MicroStrategy Inc. is doubling down on its Bitcoin bet, saying Monday that it plans to offer $400 million of convertible bonds in order to buy more of the cryptocurrency.
Very interesting development. Michael Saylor has commented on his FOMO previously. He it doubling down on being a first mover.
G7 finance officials discussed ongoing responses to “the evolving landscape of crypto assets and other digital assets and national authorities’ work to prevent their use for malign purposes and illicit activities,” Treasury said.
“There is strong support across the G7 on the need to regulate digital currencies,” the statement said.
Firstly, this is primarily a reaction to stablecoins and Facebook's Diem coin trying to launch in January. "Bitcoin" doesn't appear in the article.
Secondly, "strong support" for regulation does not equal action. We cannot rule out more stiff regulation, but it's unlikely. However, it is more likely in countries whose currencies are weaker.
“Part of the integrity of a system is knowing who owns it and knowing who has it and knowing why it’s being transferred,” Cohn said. “The Bitcoin system today has no transparency to it. So there are a lot of people that question, why would you need a system that does not have an audit trail.”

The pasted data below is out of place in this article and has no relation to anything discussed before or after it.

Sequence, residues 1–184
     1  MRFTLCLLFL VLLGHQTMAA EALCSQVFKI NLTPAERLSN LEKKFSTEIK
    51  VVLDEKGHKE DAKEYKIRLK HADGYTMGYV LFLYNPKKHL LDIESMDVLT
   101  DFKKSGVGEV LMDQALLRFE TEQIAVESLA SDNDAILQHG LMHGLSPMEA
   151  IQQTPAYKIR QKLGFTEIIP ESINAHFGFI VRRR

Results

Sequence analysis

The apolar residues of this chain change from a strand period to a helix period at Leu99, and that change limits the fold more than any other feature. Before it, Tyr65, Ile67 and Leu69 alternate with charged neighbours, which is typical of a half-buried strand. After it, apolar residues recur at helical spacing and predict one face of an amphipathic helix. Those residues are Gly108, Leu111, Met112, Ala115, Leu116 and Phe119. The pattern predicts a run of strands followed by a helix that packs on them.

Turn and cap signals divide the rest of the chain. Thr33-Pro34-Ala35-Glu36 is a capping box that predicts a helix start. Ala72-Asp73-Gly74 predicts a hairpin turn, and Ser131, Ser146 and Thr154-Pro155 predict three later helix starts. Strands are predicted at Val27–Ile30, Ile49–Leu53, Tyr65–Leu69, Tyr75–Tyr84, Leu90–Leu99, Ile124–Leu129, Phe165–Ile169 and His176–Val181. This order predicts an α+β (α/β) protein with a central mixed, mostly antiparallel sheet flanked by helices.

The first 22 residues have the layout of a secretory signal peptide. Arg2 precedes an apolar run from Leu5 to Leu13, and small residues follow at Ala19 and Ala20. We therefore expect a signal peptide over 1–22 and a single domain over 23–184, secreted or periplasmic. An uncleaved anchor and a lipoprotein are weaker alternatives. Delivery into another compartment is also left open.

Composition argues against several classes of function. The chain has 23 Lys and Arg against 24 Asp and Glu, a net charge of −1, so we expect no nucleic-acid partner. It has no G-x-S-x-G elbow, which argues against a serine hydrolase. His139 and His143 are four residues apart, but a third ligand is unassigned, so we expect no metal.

Just think, the FINCEN leaks showed $5 trillion a year in big bank money laundering. Who wants privacy? This is just an out of touch Goldman stooge.
This is a treasure trove for understanding what central bankers are thinking. They are flailing. They have no idea how the international financial system works currently. There is no grand conspiracy. Anything they do will backfire on them.
I'm going to do a podcast on this article specifically soon. Stand by.
Like all other central banks evaluating CBDCs, Russia is having a dialogue about a "crypto ruble". They seem quite transparent, perhaps because they are a smaller currency.
The country's largest retail bank understands the situation better than most.
“That would juxtapose banks and the Bank of Russia, and instead of the further development we’ll have a competition,” Popov said. “It would be a centralized system. This is the concern.”
“Payments with the digital ruble will be competing with electronic payments, and both will be developing in parallel,” Shvetsov said. He added that retail banks will still have some advantage in this race as they can offer interest on deposits, while the digital ruble will not have such features.
Of note is the mention of a "hybrid model" where banks would be intermediaries between their clients and the central bank. This is an interesting proposal, but I'd call this a negotiation between banks and a smaller central bank. That negotiation would take on a whole new dimension in the US.
It's the end of 2020, lots of testing and pilot programs for the digital yuan, but not much else. It wreaks of altcoin testing that leads to a very disappointing launch a couple years later. When will it be widely used? Probably never. Eventually, it will transform into a payment app run by the PBoC. Nothing more, nothing less.
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